Film director Rick Famuyiwa is quite a success in African American cinema. Previous box office credits include The Wood ($25M domestic) and Brown Sugar ($27.4M domestic). Earlier this year when the director went to find a home for his comedy Dope, the major studios didn't want it. Famuyiwa along with producers Forest Whitaker and Nina Yang Bongiovi (Fruitvale Station) made the film outside the studio system. After its premiere at Sundance, Dope was at the center of a major bidding war and eventually won by Open Road and Sony.
Dope has been on a buzz tour worldwide, including stops at colleges across the nation. The film will play at the Los Angeles Film Festival before its open. I'm pretty excited for this movie. I was also amazed to discover that major studios wouldn't pick it up. Deadline has a great interview with director Rick Famuyiwa who talks a bit about African American cinema and how Dope was made. You can read the full interview here.
What I found most captivating was Famuyiwa's input on major studios and Black cinema. He thinks that part of the problem is that Black cinema is thought of as a small niche. He says:
"When there’s a film that has success, like in the ’90s with the crime hood films; when one of them does well, it becomes the replication, or there’s a romantic comedy that breaks out, it becomes a singular way of looking at it. (The thinking is that) there can only be one representation at a time– it’s like they’re reading tea leaves on what Black people want. What should be driving the conversation is: What’s the story? What’s the movie about? Is it a compelling story? And if it is, then you make it regardless of the color of the people behind or in front of the camera." (Deadline).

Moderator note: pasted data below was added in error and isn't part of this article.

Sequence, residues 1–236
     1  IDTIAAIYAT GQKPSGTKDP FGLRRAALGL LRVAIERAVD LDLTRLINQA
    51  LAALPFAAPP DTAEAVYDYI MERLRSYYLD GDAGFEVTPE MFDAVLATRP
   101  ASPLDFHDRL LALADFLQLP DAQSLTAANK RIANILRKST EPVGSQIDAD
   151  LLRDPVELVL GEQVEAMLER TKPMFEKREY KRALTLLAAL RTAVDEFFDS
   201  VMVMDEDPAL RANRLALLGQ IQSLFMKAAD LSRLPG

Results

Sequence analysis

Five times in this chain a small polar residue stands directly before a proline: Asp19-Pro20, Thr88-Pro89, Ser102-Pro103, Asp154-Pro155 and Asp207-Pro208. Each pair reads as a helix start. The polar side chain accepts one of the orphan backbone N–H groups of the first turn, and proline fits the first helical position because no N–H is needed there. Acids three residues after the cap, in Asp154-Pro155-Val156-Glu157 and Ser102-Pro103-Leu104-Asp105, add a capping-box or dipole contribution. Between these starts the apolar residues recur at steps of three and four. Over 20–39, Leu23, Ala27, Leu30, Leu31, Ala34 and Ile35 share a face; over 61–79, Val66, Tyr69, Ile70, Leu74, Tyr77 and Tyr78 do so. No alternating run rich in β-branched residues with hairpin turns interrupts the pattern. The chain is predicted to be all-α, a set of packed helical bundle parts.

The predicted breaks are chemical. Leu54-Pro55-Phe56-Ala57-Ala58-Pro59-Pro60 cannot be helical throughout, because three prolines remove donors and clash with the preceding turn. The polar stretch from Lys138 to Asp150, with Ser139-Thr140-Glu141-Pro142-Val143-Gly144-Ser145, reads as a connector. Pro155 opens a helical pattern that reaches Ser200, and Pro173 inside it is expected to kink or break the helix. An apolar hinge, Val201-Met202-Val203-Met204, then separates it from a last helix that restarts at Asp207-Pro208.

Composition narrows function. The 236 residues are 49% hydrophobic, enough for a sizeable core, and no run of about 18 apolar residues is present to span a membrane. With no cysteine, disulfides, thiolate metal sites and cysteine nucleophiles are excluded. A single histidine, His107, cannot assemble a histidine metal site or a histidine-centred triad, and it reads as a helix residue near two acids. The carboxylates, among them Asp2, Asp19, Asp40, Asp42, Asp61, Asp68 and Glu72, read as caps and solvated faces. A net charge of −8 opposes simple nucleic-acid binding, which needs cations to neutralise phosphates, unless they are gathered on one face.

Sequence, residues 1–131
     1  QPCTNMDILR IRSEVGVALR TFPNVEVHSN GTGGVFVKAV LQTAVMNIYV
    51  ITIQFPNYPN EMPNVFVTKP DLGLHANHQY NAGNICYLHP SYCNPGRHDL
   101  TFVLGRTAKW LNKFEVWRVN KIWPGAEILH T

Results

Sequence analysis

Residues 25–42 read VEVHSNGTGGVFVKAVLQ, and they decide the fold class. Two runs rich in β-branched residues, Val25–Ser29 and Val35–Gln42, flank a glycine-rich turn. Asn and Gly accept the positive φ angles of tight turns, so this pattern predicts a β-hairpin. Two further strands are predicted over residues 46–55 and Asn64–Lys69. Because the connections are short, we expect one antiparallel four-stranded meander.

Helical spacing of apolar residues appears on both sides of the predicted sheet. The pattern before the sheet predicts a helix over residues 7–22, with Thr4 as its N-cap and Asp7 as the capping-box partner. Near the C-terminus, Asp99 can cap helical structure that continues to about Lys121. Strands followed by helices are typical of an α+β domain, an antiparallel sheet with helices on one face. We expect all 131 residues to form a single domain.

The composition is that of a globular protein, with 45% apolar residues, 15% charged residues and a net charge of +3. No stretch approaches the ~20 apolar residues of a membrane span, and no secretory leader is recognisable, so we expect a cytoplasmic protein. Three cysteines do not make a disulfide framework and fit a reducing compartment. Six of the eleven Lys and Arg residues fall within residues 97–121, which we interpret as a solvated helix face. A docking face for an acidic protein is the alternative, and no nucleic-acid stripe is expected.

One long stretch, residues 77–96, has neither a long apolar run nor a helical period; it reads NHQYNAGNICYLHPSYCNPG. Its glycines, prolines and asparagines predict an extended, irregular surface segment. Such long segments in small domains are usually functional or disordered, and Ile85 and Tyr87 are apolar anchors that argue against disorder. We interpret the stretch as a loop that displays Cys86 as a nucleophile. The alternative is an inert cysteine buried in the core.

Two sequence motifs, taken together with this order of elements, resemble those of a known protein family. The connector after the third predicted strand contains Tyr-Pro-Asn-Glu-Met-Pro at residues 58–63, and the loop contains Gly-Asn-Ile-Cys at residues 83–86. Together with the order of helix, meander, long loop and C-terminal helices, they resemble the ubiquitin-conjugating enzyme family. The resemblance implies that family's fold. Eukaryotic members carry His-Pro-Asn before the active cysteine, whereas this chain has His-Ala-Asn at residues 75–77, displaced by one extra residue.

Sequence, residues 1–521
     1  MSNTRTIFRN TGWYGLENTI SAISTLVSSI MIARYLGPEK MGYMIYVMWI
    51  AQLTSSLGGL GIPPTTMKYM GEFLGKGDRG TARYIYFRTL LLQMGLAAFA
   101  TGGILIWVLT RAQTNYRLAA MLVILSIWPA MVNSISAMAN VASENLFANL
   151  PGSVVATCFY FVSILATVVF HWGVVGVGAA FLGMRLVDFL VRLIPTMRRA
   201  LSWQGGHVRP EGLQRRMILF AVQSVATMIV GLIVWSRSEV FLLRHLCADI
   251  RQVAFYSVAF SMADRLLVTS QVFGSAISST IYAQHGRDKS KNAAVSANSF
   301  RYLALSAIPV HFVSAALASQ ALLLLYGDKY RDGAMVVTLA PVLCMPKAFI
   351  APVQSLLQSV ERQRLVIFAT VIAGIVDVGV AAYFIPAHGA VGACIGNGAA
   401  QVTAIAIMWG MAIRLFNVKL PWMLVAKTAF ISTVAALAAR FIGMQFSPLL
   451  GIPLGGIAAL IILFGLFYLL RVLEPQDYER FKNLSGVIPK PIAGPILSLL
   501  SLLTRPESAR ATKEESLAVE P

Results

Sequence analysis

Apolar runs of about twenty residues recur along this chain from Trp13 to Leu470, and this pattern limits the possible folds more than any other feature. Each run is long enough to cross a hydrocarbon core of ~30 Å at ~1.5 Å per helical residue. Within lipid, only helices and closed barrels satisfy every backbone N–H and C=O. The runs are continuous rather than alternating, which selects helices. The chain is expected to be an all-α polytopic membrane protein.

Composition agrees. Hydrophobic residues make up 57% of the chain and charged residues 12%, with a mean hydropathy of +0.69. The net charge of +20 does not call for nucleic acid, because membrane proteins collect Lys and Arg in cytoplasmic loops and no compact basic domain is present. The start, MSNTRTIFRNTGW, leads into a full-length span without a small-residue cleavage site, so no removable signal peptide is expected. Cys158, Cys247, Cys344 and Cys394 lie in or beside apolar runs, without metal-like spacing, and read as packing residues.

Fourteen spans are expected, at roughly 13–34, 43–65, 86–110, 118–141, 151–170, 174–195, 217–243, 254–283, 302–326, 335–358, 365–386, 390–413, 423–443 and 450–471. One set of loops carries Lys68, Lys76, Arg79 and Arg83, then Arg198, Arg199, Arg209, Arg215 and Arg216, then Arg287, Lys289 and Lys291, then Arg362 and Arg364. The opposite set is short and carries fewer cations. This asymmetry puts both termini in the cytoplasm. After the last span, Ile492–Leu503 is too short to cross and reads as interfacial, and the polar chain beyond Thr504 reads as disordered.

Amazing. I don't see how anyone could compare a film like this to a comedy such as Think Like A Man. They're two completely different works. But apparently that's the problem. The formula is only a success in some people's eyes when it's the same every time.
Famuyiwa contributes the film's success so far to the connection it makes with the audience. "...People relate to the honesty of this kid even if they’re not from that environment. It’s the same way that I connected to The Breakfast Club or Ferris Bueller’s Day Off even though I wasn’t a white kid from suburban Chicago". He continues "...people will say that The Breakfast Club is a mainstream movie and try to characterize Dope as niche. But as I connected to those characters in Breakfast Club, so can audiences connect to Dope." (Deadline)
Another thing that I think audiences can appreciate about this indie film is the cast of fresh faces. There was no pressure or need to have a big name on the poster. The biggest name in the film is Zoe Kravitz (who isn't on the poster). Rick Famuyiwa praises his actors and believes that they are stars in the making. In addition to Kravitz, the film stars Shameik Moore (lead Malcom, modeled after Famuyiwa), Kiersey Clemons, and Tony Revolori. Famuiywa notes that the young actors have a strong connection through social media and have a following because of that. After this movie's release, I'm sure the young actors will have an even more fervent following.
Dope is also being co-executive produced by Sean Combs and executive produced by Pharrell Williams. Pharrell Williams has also curated the soundtrack which I hear is amazing. Dope hits theaters July 19. Check out the trailer below. What do you think?
Sources: Deadline, IMDb